The purpose is to conduct a cultural self-assessment.
- You will read each of the boxes in Chapter 2 of your textbook (one for each domain of the Purnell Model for Cultural Competence), answer these questions as they relate to you.
- Remember to answer these questions from your personal perspective. At all times, explain why you do or do not adhere to the dominant cultural practices and beliefs of the ethnic group(s) with which you primarily identify.
- If you do not wish to self-disclose a specific area from the Organizing Framework, indicate so instead of just not addressing it; of course, this should not happen very often.
Cultural self-assessment is an essential process in understanding one’s beliefs and values, and how they relate to their cultural background. The Purnell Model for Cultural Competence provides a framework for conducting a cultural self-assessment, which includes twelve domains, organized into six categories. In this essay, I will conduct a cultural self-assessment using the Purnell Model and provide insights into my beliefs and values as they relate to my cultural background.
The first domain of the Purnell Model is Overview/Heritage. This domain refers to the individual’s ethnicity, religion, language, and socioeconomic status. I identify primarily as a person of Asian ethnicity, with a religion of Buddhism. I am fluent in both English and my native language. Growing up, my family had a middle-class socioeconomic status, which has influenced my beliefs and values in terms of the importance of education and hard work.
The second domain is Communication. This domain refers to the individual’s verbal and nonverbal communication patterns, as well as their preferred method of communication. As someone who grew up in a bilingual household, I have learned to communicate effectively in both English and my native language. I tend to use more indirect communication styles, which is common in Asian cultures.
The third domain is Family Roles and Organization. This domain refers to the structure and function of the individual’s family, as well as their roles within the family. In my family, there was a clear division of labor, with my parents taking on traditional gender roles. However, as I grew older, my parents encouraged me to pursue my passions and interests, regardless of gender norms.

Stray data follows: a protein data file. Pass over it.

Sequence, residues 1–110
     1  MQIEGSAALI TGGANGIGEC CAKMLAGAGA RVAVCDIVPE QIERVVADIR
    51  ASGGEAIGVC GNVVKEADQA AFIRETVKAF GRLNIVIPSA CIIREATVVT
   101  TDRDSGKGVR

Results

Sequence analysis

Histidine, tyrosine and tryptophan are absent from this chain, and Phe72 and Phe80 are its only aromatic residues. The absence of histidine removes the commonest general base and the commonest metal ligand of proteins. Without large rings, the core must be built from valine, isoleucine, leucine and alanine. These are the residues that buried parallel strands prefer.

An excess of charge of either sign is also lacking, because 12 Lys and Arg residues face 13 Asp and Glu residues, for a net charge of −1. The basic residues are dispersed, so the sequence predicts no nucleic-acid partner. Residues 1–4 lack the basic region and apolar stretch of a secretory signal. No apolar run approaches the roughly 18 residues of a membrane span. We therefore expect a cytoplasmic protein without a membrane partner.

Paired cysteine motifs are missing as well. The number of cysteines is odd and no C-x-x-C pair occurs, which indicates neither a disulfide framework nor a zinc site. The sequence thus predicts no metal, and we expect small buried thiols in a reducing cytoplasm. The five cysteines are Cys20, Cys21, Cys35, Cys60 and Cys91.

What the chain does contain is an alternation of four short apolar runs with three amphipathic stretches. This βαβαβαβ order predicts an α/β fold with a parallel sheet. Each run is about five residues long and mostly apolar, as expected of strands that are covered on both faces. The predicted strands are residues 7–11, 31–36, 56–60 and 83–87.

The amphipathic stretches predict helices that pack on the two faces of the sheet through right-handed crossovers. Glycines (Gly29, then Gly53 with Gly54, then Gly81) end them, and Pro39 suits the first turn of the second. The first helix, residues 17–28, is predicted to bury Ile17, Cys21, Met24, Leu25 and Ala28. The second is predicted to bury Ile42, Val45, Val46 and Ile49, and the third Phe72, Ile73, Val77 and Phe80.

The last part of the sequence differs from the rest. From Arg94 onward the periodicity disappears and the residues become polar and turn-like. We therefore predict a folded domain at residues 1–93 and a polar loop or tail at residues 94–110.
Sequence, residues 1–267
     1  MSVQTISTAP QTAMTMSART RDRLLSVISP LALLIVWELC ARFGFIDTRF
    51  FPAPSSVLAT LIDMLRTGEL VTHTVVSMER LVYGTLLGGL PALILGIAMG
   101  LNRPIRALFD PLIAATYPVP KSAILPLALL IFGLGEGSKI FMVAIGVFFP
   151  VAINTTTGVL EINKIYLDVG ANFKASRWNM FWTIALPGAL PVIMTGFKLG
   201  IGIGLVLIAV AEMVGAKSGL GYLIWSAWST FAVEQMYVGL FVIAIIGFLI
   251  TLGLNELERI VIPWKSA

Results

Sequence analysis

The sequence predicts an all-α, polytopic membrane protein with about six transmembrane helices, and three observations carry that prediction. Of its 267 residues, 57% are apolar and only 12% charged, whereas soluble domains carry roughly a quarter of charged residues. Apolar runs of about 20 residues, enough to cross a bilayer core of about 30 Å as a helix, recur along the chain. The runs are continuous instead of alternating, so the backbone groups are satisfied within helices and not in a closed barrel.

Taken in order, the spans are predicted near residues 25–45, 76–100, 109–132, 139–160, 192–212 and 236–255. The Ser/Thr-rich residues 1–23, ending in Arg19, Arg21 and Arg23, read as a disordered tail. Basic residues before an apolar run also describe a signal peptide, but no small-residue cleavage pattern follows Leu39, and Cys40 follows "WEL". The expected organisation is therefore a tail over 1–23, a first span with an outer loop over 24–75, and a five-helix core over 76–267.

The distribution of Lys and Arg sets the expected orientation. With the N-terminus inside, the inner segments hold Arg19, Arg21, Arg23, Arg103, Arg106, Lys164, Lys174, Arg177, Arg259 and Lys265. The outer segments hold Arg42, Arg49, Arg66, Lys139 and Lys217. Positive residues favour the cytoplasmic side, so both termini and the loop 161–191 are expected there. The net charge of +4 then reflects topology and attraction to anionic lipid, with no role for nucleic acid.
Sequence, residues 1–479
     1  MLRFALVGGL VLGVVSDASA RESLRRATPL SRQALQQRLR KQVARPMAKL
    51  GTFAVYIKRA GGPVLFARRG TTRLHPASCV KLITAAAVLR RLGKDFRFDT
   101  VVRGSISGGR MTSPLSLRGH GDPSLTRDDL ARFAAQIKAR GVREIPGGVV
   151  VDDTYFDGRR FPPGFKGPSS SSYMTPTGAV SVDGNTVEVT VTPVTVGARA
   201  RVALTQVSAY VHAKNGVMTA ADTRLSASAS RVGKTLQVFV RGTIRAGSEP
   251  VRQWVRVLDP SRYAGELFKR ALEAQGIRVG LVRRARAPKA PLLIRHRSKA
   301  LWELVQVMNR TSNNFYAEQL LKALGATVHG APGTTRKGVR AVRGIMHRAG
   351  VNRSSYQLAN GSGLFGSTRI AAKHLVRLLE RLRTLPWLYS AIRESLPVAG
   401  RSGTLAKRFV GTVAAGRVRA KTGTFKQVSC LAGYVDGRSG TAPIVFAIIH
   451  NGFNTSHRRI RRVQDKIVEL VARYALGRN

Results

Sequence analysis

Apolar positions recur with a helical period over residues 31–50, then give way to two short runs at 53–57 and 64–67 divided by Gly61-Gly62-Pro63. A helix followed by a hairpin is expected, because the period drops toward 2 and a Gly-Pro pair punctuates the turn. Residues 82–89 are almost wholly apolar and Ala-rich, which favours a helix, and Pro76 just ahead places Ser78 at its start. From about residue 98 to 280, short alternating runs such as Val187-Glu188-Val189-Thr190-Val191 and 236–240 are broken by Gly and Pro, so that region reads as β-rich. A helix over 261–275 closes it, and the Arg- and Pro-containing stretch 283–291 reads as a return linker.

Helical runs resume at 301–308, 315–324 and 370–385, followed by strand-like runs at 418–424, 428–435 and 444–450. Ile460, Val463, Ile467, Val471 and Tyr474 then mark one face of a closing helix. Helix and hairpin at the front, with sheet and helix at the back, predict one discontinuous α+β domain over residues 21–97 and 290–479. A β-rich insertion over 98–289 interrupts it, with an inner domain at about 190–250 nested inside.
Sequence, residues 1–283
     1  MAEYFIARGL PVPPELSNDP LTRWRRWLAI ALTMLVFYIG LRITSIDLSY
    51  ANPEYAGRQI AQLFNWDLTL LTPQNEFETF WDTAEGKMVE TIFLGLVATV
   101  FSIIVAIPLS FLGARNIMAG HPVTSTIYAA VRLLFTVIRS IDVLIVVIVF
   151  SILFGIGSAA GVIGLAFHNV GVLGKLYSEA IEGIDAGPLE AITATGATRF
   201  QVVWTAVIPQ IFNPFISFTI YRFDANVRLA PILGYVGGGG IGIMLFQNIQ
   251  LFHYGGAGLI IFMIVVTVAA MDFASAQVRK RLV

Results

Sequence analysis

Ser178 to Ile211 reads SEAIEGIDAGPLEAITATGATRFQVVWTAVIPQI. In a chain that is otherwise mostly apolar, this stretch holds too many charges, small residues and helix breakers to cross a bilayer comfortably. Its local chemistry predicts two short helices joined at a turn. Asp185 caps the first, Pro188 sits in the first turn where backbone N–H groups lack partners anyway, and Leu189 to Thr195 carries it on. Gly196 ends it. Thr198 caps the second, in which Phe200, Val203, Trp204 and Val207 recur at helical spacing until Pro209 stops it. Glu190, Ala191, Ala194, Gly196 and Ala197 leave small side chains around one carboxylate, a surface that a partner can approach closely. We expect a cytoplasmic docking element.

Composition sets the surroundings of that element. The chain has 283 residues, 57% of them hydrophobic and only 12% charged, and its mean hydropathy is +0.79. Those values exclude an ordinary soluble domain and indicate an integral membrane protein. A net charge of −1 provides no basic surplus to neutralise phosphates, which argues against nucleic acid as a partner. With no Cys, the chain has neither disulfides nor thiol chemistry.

The fourth domain is Workforce Issues. This domain refers to the individual’s work-related beliefs and values, as well as their experiences with discrimination and bias. As someone who works in a diverse workplace, I understand the importance of cultural competence and respect for individual differences. However, I have also experienced discrimination and bias based on my ethnicity.
The fifth domain is Biocultural Ecology. This domain refers to the individual’s beliefs and practices related to health and illness. Growing up, my family used traditional remedies and practices to treat illnesses. However, as I have learned more about Western medicine, I have come to value the importance of evidence-based practices.
The sixth and final domain is High-Risk Behaviors. This domain refers to the individual’s beliefs and practices related to risky behaviors such as substance abuse, sexual behavior, and violence. As someone who values education and personal growth, I have always tried to make responsible decisions and avoid risky behaviors.
In conclusion, conducting a cultural self-assessment using the Purnell Model has provided me with valuable insights into my beliefs and values. While I may not adhere to all of the dominant cultural practices and beliefs of my ethnic group, understanding my cultural background has allowed me to appreciate and respect the differences of others. By increasing my cultural competence, I can better navigate diverse environments and work towards creating a more inclusive and respectful society.